DOLNI KUBIN (Slovak Dolný Kubin; Hung. Alsókubin), town in N. Slovakia, now Slovak Republic. According to existing documentation, Jews arrived in the city of Dolni Kubin, and in the Orava region, by the beginning of the 18th century, though it can be assumed that they were in the area earlier.
Moravian Jews were the pioneers of Jewish settlement in the entire region of northern upper Hungary, from Čadca to Bardejov. *Holešov Jewry, in northern Moravia, settled in many Jewish cities of this region, including Dolni Kubin in 1710. During their initial years in the city, the Jews rented houses from local inhabitants and were quick to exploit the city's strategic location between krakow and Vienna for business purposes. In 1775 the Jews built their first synagogue. They also acquired land for a cemetery.
In 1780 there were 112 Jews in the Orava region; in 1801, 668; in 1840, 2,333; and in 1900, 3,197 (probably the peak). In
In 1870 the community split into an Orthodox and a *Neolog congregation. It was reunited as a *status quo community in 1886. The Zionist movement in Dolni Kubin was one of the first in Hungary. Moric Greunwald was among the founders of the World Mizrachi movement and was a personal friend of Theodor *Herzl. He participated in the second and third World Zionist Congresses. At the end of World War I a wave of pogroms shook the region. Jewish war veterans fought off threatening mobs.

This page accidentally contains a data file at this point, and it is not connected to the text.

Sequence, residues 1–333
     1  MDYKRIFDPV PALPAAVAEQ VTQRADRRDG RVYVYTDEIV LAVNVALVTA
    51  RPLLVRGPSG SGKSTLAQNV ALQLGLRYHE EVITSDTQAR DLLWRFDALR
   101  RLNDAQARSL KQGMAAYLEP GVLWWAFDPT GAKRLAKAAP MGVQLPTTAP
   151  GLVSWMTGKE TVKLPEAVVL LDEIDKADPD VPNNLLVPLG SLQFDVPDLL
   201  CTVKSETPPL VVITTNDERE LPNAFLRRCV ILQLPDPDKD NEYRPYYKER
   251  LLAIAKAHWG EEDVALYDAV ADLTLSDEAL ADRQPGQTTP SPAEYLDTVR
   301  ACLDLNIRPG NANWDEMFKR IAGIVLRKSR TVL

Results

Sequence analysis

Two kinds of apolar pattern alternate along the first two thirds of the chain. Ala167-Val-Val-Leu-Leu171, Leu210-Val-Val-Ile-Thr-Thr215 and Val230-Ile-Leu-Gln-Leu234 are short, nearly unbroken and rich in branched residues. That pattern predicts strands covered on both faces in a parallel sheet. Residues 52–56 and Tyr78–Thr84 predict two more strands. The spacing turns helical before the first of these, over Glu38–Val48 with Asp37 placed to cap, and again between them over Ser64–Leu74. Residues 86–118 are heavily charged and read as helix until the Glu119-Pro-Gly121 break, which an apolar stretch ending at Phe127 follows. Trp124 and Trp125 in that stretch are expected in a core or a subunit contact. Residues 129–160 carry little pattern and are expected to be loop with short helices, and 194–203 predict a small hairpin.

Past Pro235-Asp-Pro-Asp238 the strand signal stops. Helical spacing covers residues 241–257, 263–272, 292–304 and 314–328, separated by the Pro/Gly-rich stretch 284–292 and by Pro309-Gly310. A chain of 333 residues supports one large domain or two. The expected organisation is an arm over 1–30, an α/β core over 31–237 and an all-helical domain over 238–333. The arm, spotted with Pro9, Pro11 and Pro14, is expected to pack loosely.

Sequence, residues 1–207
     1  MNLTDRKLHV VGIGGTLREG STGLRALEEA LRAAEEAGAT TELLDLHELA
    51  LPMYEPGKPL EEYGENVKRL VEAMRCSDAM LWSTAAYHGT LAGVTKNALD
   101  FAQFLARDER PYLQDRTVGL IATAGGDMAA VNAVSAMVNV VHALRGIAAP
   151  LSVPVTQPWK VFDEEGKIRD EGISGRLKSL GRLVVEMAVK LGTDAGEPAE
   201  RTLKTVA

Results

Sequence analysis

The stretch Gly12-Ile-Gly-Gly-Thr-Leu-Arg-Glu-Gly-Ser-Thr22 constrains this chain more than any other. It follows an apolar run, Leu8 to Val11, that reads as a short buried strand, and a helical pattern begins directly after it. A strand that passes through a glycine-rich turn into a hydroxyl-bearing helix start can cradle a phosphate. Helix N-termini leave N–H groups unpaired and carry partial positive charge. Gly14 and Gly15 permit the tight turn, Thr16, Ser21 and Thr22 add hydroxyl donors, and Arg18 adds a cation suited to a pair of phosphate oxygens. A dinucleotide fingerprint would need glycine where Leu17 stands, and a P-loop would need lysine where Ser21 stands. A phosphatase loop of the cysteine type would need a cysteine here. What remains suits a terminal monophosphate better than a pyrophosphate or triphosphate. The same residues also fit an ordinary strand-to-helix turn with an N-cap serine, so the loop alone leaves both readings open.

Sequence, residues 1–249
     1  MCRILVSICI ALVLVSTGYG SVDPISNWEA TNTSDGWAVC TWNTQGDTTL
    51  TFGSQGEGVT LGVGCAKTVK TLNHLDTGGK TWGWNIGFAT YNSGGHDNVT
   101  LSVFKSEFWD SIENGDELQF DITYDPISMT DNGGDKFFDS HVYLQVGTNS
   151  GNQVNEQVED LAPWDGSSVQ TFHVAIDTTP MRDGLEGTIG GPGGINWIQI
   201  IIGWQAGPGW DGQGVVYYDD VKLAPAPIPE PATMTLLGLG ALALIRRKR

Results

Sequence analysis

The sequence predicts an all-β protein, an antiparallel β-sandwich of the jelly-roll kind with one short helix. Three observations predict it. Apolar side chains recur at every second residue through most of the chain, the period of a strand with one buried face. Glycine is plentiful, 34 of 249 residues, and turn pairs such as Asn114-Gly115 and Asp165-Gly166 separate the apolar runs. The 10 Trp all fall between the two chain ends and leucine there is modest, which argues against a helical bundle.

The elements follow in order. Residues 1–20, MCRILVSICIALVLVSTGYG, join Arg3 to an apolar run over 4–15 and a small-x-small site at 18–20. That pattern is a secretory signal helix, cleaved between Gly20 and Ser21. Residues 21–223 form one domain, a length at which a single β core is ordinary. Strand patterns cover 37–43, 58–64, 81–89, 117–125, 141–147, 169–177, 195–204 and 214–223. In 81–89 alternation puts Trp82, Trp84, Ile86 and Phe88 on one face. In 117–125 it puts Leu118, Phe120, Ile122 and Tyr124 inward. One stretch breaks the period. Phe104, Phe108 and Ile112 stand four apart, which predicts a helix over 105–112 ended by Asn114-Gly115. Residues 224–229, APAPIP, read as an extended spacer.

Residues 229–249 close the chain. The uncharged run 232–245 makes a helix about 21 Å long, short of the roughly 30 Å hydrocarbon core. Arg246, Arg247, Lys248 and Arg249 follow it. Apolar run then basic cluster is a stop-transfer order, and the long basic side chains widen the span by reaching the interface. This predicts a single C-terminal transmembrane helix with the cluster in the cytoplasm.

In September 1938 Slovak autonomy was proclaimed, and on March 14, 1939, the independent Slovak state came under German protection. From the outset Jews were persecuted. On June 5, 1942, the Jews of Dolni Kubin and the vicinity were dispatched to the Zilina transit camp, and from there to extermination camps in Poland. In 1947, 27 Jews lived in Dolni Kubin, most of them leaving in 1948–49. The synagogue became a movie house. In 1991, a memorial to the victims of the Holocaust was erected in the presence of President Vaclav Havel. It was the first such ceremony since the fall of Communism in Slovakia.
Magyar Zsidó Lexikon (1929), 32, S.V. Alsókubin; M. Lányi and H. Propperné Békefi, A szlovenszkói zsidó hitközségek története (1933), 225–9; Monumenta Hungariae Judaica, 7 (1963), 323–5; J. Bató, in: Uj Kelet (Feb. 11, 12, 13, 1969); B. Tomaschoff, ibid. (May 15, 1970).
Sources: Encyclopaedia Judaica. © 2008 The Gale Group. All Rights Reserved.